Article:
Myanmar's president says his country needs to learn from the violence and instability that has wracked the country over the last two years if it is to overcome the challenge of democratising the nation.
Thein Sein spoke on Sunday to mark the start a day earlier of a traditional New Year holiday that is celebrated across Southeast Asia with friendly water fights.
"Our society has overcome many difficulties and challenges together so we can emerge as a society in which multiple races and religions coexist harmoniously, while still preserving our own customs and traditions," he said in a televised speech.
Sein, a former general, took office two years ago after Myanmar's long ruling junta stepped down.
He has led a transition towards democratic rule since then, but the country has been plagued by a war with ethnic Kachin rebels in the north, sectarian violence in western Rakhine state, and anti-Muslim clashes in central Myanmar last month.
Buddhist-Muslim clashes in Rakhine last year left at least 180 people dead, mostly minority Muslim Rohingya.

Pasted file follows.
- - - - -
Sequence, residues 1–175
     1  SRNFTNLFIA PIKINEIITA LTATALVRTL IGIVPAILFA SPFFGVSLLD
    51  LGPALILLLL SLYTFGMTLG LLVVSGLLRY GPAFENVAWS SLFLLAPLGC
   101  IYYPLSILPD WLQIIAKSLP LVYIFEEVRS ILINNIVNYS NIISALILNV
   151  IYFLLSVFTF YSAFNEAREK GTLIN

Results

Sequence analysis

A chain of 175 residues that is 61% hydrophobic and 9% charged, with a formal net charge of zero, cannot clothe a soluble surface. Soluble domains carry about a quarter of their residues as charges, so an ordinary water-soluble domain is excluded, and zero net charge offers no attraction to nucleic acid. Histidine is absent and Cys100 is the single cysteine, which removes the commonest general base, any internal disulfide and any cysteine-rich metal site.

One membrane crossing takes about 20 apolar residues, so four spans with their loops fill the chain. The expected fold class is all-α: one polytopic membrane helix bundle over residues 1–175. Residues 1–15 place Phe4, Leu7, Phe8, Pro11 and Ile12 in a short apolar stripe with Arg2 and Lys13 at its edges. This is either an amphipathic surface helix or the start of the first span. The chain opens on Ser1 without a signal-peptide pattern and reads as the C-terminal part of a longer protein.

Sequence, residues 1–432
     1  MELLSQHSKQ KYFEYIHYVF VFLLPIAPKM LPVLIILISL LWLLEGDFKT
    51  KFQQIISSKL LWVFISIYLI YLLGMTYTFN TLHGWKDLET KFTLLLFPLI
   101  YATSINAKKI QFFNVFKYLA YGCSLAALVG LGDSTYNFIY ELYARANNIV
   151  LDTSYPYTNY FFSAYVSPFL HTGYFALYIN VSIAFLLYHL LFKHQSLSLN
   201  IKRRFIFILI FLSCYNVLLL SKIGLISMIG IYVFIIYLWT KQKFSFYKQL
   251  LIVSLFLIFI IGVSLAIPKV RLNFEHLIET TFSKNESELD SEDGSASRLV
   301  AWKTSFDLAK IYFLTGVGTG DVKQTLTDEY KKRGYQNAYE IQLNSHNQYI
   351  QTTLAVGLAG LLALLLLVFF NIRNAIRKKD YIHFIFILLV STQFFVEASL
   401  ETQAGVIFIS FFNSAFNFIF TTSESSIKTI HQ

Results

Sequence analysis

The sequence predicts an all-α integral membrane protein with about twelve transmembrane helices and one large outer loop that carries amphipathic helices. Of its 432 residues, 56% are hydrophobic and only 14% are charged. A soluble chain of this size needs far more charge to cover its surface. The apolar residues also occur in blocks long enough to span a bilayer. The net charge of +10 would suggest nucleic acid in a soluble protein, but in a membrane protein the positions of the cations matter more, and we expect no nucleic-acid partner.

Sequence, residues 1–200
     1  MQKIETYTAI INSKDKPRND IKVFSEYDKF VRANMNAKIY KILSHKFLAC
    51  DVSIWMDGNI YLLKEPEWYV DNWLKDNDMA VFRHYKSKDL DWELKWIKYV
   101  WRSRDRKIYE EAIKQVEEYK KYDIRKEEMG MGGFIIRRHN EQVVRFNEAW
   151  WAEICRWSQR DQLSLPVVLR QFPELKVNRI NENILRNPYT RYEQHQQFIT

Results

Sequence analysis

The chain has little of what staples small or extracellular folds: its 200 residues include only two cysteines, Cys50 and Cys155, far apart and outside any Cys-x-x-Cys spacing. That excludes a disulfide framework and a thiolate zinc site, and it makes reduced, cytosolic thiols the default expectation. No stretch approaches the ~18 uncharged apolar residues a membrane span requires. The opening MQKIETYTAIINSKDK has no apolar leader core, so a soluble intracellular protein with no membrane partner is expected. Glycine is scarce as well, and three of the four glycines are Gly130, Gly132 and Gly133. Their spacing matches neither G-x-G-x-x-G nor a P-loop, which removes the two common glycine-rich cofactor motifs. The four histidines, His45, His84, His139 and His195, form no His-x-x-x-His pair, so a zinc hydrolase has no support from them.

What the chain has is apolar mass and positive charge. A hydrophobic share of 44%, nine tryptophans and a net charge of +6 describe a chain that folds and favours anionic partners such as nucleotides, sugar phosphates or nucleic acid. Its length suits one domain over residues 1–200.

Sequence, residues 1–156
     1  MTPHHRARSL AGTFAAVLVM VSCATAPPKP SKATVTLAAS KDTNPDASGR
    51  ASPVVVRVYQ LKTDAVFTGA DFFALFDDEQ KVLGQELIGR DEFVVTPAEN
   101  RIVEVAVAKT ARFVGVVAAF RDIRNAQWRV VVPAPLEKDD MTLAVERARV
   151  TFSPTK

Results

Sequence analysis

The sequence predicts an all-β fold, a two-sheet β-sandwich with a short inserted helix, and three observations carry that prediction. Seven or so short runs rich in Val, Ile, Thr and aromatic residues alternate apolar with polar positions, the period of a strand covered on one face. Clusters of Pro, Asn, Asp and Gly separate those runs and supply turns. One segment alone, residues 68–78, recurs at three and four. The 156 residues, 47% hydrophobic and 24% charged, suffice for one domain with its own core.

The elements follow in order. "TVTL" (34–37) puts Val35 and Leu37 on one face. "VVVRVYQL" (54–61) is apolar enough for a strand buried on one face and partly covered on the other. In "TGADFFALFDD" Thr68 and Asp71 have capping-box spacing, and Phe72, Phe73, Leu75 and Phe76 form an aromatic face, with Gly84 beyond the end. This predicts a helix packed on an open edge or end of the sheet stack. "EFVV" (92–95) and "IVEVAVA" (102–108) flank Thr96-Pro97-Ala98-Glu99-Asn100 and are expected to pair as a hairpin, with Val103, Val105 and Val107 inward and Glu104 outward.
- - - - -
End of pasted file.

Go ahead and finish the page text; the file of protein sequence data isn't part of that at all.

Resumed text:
The riots in March left 43 people dead, thousands displaced and saw homes and mosques destroyed.
Three people including a gold shop owner were last jailed for 14 years in connection with the riots that began in the town of Meiktila in central Myanmar on March 20.
Radical monks have been linked to the subsequent unrest, which observers said appeared to be well organised.
Rights groups have accused security forces of standing by while the attacks took place.
Myanmar's efforts at democratisation had been hampered by "black spots such as disunity, conflict and instability," Sein said.
Political changes should be targetted with "patience, tolerance and persistence", he urged citizens.
The situation has calmed since Thein Sein on March 28 vowed a tough response against those behind the violence.
Myanmar's New Year, known as the Thingyan, is a hugely popular mass celebration in which people throw water at each other to symbolise the washing away of the previous year's bad deeds.
Festivities, increasingly raucous as the country opens to the world, have been marred by bloodshed in the past, with a series of blasts in 2010 that left 10 people dead and about 170 wounded.